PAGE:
The first lesson in the survey comes with the first question, “Are you White?” I was a bit put off with that opening, then I considered that it was one factor out of one hundred. My total “score” was twenty nine, “underprivileged.” There were questions that seemed faulty, “Have you ever been called a Dyke” and “Have you ever been called a Faggot” should have been a single question. One of the many questions that should have been there is “When you see a rack of magazines, are the majority of people on the covers your race?” As I said earlier, anyone expecting a certified diagnosis from an online test is foolish. This survey should only be used as a comparison among peers, just don’t let Antifa see the results, a score of one would be adequate for them to burn your house.

As mentioned, I am white. I was born in the South. I am a Christian. None of these things make me a racist, but I accept that they are three points out of hundreds that would make me so. I learned over fifty years ago the difference between correlation and causality, and try to apply it to every interaction. As I aged and was exposed to dangers which could be life threatening, I found that in some instances correlation is sufficient. I don’t need to know what is in that backpack with wires hanging out, but I don’t need to kill the person carrying it; I can walk away. Responses require circumstances with which to justify them.

There are many factors which constitute an individual. It is often said that Hitler liked dogs, but that alone does not make him a good person. He also facilitated the deaths of over eleven million people, and while that alone may not make him an evil person, the methods he used to accomplish that goal certainly add up to that conclusion.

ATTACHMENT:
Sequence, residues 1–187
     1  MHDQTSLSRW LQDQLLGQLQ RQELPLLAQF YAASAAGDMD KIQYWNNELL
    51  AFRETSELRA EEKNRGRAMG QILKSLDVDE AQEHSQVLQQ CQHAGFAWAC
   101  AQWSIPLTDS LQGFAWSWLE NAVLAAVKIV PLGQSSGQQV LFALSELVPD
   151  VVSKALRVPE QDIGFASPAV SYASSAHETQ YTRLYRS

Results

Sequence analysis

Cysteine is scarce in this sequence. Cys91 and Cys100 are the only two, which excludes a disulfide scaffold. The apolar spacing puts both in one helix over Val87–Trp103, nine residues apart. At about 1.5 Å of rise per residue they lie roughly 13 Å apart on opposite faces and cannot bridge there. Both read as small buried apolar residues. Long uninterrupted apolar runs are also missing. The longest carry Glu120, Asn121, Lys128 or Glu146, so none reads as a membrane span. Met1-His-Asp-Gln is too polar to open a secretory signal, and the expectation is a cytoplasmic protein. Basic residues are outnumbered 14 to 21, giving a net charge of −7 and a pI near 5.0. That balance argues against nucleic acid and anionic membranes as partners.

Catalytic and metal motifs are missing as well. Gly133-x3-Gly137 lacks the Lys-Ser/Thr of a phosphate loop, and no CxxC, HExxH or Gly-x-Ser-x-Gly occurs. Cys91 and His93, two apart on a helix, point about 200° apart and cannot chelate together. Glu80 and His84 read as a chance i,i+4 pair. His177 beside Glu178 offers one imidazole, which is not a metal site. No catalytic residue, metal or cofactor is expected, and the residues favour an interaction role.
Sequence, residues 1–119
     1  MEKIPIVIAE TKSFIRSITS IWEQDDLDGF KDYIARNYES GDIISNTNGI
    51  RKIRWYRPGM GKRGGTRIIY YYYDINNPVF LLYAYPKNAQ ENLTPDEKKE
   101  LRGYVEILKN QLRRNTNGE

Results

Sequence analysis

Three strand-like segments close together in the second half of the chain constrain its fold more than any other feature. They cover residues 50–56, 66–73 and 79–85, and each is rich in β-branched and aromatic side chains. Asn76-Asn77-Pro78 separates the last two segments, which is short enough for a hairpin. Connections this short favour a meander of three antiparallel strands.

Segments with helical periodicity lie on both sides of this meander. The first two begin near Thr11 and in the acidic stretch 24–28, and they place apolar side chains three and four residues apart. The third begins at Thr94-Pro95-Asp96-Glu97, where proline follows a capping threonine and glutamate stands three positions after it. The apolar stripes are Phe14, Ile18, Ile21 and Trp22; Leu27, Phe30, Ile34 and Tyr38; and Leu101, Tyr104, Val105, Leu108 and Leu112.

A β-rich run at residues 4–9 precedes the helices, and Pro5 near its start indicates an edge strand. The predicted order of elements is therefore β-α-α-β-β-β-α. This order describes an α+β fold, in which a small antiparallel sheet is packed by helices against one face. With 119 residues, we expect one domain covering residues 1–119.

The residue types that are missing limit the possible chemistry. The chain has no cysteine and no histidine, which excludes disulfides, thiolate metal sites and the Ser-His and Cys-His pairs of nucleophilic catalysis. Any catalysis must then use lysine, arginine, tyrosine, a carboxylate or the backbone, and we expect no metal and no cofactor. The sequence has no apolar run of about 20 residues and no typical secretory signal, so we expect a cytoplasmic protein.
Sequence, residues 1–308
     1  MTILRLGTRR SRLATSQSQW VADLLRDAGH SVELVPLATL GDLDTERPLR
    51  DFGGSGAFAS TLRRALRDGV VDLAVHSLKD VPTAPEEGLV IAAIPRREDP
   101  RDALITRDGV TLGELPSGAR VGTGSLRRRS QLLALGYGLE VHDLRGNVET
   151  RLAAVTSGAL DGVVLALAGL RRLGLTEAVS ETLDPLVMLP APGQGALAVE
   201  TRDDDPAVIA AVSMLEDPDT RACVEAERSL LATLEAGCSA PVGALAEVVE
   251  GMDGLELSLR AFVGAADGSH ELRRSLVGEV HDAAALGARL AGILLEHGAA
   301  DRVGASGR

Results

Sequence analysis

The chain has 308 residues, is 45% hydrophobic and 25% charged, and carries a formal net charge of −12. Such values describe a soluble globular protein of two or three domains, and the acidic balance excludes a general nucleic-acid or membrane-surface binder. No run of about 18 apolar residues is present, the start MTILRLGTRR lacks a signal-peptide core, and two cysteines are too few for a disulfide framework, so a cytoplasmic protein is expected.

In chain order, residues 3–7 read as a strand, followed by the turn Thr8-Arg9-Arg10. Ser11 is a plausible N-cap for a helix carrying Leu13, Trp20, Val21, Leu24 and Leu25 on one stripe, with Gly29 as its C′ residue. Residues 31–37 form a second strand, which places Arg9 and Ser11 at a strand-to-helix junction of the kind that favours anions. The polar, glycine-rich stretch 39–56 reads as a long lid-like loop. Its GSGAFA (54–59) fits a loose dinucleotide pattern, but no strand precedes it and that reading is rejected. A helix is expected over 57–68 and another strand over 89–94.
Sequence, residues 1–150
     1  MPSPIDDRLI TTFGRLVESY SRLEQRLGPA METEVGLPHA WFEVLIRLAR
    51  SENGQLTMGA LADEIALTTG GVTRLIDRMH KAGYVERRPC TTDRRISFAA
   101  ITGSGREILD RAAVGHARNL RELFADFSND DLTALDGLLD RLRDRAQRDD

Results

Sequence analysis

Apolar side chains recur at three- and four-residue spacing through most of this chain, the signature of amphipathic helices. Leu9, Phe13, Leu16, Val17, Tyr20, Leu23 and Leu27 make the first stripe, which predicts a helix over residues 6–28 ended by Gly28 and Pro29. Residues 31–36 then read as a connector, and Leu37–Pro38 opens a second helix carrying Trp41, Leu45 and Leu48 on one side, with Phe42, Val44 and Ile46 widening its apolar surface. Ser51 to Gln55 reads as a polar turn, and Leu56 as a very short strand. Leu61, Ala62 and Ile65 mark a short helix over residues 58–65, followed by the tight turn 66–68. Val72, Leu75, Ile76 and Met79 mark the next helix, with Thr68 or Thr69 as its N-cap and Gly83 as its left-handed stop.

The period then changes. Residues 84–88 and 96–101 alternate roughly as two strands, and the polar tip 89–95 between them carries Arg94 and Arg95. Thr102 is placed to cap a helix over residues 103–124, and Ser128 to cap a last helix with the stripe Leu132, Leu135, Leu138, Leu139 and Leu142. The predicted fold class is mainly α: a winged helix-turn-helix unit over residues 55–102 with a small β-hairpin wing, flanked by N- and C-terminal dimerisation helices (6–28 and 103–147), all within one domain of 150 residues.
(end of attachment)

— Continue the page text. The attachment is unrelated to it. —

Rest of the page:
Our society, drenched in information, continues to celebrate single issue decisions. The quickness of determining the state of that decision is frightening. I can see an indicator and immediately know what it means, most people cannot. A friend recently posted two photographs in comparison. One was a color image of Donald Trump reaching out to shake the hands of supporters, the other, a black and white image of Adolph Hitler doing the same. My reaction to the implied statement they were the same was that I couldn’t think of a single celebrity who has not reached out in a similar fashion. Then, as others noticed inconsistencies, it became clear the photo of Hitler had been altered (there was an American flag in the background, a person dressed as Lincoln, and Hitler had no feet). Simply noting that this was not only a poor comparison, but it was also falsified, made me a Trump supporter so she immediately blocked me. The simple observation that if what one party is doing is despicable, mirroring that behavior is not excusable, brings me back to explaining to children “He did it first” is not a defense for doing the same thing.

I’ve been noticing a snowball effect, that right along with knowledge, maturity is rapidly declining at a geometric rate. Double standards are celebrated as “necessary.” Moral standards are as rigid as cooked spaghetti. I am overwhelmed with the examples provided by an intolerant population and a rogue president. Literally overwhelmed, I can not finish typing a blog entry without several examples of my thesis occurring, and not just because I type slowly. Noting these issues results in hatred rather than self reflection.

In many ways, the survey on privilege was contrary to my core beliefs. Confidence is seen as a privilege, questions such as “I have never lied about my sexuality,” “I have never tried to hide my sexuality,” and “I am always comfortable with P.D.A. (Public Display of Affection) with my partner” imply that comfort with who you are is a privilege. While I agree that living in fear is an indicator of lack of privilege, paranoia is an indicator of lack of psychiatric help. I have had physicians refer to my “Texan stoicism” as a defect.

Give yourself the privilege of being comfortable in your own skin.

Recognizing Big Brother

 

Some things stick in your mind, you can see them forming before others because the horror is too great.

The holocaust is an example of how evil can spread through a society, so the label of NAZI is thrown at anyone who appears to be authoritarian, or antisemitic. Unfortunately it has spread to include “anyone who thinks different than me,” diluting its horror. In our mis-educational system, how many graduates go forward thinking thirteen million people were killed by old men playing golf?